“We won’t slow the progress of the climate crisis until we address the racism of the systems that allow low income communities and communities of color to be targeted as dumping grounds for pollution,” said Sierra Club official Ramon Cruz. “These executive orders from President Biden will begin to repair some of the harm done by our extractive economy, and ensure that communities impacted by pollution have a voice in the process of repairing that harm.”

In the hot seat is Sen. Joe Manchin, West Virginia Democrat, whose state is a leading coal-producer but who stressed that the executive order “will not impact energy activity like drilling or permitting on existing leases.”

Mr. Kerry conceded that U.S. actions alone to reduce harmful emissions won’t affect climate change unless the U.S. convinces nations such as China and India to follow suit, noting that China is responsible for about 30% of global greenhouse gas emissions, while the U.S. accounts for less than half that.

“We could go to zero tomorrow, and the problem isn’t solved,” Mr. Kerry said.

The president’s moves are adding more layers of federal bureaucracy, creating an interagency White House task force to review climate policy, as well as a new advisory council.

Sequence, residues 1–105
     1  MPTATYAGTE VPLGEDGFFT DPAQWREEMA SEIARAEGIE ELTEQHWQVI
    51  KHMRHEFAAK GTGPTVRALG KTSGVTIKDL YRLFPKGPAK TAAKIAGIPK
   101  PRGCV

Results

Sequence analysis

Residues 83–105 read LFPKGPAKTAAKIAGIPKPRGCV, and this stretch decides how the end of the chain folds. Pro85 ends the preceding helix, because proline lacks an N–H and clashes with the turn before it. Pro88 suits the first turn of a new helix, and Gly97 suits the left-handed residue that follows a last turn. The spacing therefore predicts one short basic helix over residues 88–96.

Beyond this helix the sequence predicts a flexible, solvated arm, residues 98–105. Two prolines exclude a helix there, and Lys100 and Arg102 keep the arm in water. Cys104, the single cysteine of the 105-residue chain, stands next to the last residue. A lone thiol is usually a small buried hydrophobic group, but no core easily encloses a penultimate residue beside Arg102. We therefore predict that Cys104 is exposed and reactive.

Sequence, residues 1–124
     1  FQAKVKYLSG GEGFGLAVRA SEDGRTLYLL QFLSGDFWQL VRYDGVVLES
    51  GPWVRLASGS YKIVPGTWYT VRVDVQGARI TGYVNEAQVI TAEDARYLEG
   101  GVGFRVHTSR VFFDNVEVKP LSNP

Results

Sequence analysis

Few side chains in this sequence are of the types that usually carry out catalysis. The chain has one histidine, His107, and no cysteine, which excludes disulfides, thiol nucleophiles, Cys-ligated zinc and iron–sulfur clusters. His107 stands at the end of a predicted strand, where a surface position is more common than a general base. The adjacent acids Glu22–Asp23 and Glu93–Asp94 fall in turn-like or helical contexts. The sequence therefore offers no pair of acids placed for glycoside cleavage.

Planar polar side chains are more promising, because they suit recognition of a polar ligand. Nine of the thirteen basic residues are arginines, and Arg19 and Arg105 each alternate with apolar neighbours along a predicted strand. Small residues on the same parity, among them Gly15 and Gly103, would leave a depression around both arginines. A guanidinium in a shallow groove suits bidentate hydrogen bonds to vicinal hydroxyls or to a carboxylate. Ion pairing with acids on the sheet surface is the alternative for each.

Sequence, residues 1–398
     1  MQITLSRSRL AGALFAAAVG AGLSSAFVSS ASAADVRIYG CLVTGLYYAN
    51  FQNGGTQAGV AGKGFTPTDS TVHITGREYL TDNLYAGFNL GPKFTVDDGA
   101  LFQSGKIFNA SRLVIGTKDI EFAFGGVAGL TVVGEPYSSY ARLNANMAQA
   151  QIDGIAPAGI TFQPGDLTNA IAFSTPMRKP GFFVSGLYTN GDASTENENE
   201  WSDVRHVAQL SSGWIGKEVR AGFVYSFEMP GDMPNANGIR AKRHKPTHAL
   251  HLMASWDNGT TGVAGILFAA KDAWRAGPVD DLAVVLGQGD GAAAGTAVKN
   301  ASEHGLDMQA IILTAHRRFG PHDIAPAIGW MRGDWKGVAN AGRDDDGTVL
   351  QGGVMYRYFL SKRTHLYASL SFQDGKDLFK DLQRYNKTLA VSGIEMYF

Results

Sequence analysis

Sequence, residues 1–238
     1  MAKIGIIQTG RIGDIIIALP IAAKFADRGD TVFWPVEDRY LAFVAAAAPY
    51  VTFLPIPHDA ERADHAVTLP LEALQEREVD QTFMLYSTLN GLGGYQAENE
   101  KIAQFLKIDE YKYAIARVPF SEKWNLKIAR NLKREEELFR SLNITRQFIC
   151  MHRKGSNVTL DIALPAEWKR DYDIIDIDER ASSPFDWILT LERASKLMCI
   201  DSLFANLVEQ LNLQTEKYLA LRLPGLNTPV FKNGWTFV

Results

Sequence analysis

The White House said Mr. Biden’s order “clearly establishes climate considerations as an essential element of U.S. foreign policy and national security.”

The order directs the Interior Secretary to halt any new oil and natural gas leases on public lands or offshore, launch a “rigorous review” of existing fossil-fuel production leases and permits, and will set a goal of doubling renewable energy production from offshore wind by 2030.

The administration also reportedly plans to allow the Federal Emergency Management Agency to redirect up to $10 billion in emergency COVID money for climate-change projects.

Former Trump White House Chief of Staff Mark Meadows said the plan is proof of “the radical left coming forward with their priorities.”

“Whether it’s our border policy or any of the other executive orders that he’s putting forth, it’s going to have a real chilling effect on jobs,” he said on “Fox & Friends.”

Mr. Meadows questioned in particular the redirecting of COVID-19 aid.

“It’s a real head-scratcher when you start to look at FEMA’s critical role in making sure that vaccines get to the American people,” Mr. Meadows said on Wednesday. “They’ve played a very pivotal role in making sure that those get distributed in an equitable way. And yet, we’re going to reallocate $10 billion to climate change?”

He said most Americans don’t consider climate change as “their No. 1 priority.”

“They probably looked at it as the virus. We need to keep the priority where it is,” he said.

• Dave Boyer can be reached at dboyer@washingtontimes.com.

• Valerie Richardson can be reached at vrichardson@washingtontimes.com.